Julian forgot where he was going, what he was doing.  He didn’t know which direction he was trudging in, or how much time had passed.  He struggled through the woods as fast as possible, only looking forward.  Until he marched right out of a grove of pine trees and into a clearing.  He stopped for a second, and realized he was completely out of breath and his heart was pounding abnormally fast.  Sitting down in the grass to catch his breath, Julian took his first good look around the clearing.

                The trees surrounding it were tremendous, and extremely old.  Some of the tallest Julian had ever seen, and they towered over the clearing like giants.  He looked up at the sky and squinted. The trees stretched their branches in the area just above, and the sun filtered through the vibrant leaves, casting a soft green light over the grass.  He noticed the tiny purple and yellow flowers, no bigger than his thumbnails, which grew in small clusters around him.  Julian laid down in the soft green grass and took his first real, relaxed breath in a long time.  Soon the clouds in the sky turned into sheep, and the branches into fences, and he counted them as they gently bounded over.  Before he knew it, a wave of exhaustion washed over him, leaving a blanket of sleep.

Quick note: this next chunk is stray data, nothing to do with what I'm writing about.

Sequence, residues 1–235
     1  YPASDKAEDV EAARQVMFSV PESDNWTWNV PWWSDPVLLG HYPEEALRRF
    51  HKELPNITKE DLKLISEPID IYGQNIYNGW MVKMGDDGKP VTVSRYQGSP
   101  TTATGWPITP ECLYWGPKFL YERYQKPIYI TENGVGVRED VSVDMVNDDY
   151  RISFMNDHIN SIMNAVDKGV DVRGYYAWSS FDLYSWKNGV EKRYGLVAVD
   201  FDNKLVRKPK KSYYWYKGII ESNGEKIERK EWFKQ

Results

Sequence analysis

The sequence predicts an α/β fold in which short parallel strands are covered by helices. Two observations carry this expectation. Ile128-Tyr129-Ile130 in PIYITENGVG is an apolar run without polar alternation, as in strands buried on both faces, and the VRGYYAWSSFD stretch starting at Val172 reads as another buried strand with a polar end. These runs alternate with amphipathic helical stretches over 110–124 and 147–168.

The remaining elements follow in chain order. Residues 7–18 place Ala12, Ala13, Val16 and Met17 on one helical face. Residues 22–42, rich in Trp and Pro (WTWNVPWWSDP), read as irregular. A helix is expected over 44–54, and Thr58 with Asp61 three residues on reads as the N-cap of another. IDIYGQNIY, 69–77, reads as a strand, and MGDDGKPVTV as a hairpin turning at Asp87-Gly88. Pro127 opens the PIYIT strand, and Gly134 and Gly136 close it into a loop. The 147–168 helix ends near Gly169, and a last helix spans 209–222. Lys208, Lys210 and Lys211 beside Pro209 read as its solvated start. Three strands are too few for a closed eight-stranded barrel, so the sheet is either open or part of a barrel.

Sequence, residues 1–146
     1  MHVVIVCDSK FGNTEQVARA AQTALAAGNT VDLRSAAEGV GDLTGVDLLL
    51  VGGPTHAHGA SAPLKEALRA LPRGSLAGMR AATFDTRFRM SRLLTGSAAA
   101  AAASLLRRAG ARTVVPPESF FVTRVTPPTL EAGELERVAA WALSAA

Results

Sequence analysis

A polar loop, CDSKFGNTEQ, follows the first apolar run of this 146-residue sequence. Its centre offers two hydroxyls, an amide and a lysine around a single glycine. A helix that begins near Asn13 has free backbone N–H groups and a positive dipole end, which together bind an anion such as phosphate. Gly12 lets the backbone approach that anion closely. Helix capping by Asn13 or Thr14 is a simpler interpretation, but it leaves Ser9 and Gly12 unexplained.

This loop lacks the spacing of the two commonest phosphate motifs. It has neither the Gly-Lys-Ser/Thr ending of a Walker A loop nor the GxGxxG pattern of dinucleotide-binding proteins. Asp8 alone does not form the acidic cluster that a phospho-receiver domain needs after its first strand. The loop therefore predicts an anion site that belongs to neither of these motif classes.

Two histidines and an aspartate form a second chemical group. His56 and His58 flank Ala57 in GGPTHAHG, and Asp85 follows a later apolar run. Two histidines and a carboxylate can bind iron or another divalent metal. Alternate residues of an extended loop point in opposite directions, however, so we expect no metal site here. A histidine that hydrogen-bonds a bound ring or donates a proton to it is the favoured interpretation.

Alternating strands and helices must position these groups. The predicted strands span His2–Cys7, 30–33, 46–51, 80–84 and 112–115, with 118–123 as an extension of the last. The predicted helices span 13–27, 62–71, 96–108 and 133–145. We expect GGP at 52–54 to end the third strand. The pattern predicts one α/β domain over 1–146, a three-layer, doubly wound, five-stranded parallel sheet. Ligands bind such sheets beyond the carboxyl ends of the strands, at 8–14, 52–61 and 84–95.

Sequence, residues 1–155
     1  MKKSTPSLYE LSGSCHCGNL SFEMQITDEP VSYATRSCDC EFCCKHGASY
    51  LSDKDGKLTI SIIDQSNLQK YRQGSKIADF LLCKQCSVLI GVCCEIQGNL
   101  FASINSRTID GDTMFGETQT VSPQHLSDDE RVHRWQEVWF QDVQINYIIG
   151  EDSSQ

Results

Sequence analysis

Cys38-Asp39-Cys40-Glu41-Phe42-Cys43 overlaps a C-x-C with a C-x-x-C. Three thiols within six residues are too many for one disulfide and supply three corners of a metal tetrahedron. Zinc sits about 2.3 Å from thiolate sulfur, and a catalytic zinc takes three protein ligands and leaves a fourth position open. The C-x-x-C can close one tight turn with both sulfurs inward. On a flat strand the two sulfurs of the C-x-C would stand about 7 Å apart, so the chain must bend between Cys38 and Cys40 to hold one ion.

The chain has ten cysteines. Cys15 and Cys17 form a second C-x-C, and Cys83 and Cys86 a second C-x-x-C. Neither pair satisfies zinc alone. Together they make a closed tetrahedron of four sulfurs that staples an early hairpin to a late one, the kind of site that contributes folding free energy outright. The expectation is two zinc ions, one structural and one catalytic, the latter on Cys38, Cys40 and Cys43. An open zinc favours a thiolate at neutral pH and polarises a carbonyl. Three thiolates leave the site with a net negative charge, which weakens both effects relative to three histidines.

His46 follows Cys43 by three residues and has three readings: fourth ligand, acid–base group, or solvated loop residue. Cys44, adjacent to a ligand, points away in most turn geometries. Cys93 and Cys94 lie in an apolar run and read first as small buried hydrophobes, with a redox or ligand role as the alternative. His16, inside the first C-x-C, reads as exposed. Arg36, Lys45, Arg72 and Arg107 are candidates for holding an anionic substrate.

This clearing could not be the same one he had fallen asleep in.  He quickly sat up and looked around.  It was dark, and the moon was overhead.  This too cast light through the branches, but it caught in eerie ways and cast strange shadows across the ground and on the surrounding trees.  Julian felt pangs of panic course through his entire body.  The digital watch on his boney wrist illuminated blue and read 11:36.  He pushed himself up, scraping the palm of his hand on a jagged rock.  But he didn’t care.  He paid no heed to the stream of blood that stained the band of his wristwatch. The boy ran and ran, as fast as he could in whichever direction home was.  Home.  He had to get home.  That was the only thought in his head when he heard them.

                They were almost silent, gliding between the trees with grace.  Three of them circled overhead, above the prey.  The little injured fish, lost in the forest.  Julian tripped over a thick lock, leaving a gash on his leg.  He rocked back and forth, holding his leg.  This time when he sobbed, he didn’t think about the other boys.  He didn’t think about names, or memories.  His entire being was focused on simply getting out of those woods.  Those accursed woods.

                But that would never happen.

                For the creatures saw their opportunity, the animal wounded.  And they struck.  It was a magnificent ballet of death and destruction. They each did their part, left their mark, had their fill.  And left like they had never been there in the first place, lost like a whisper on the wind.

                They eventually found what was left of the boy, and did a thorough autopsy.  Cause of death? Fatal bite wounds to the torso, left arm, and both legs.  Match to the bite wounds? Great white shark.

The End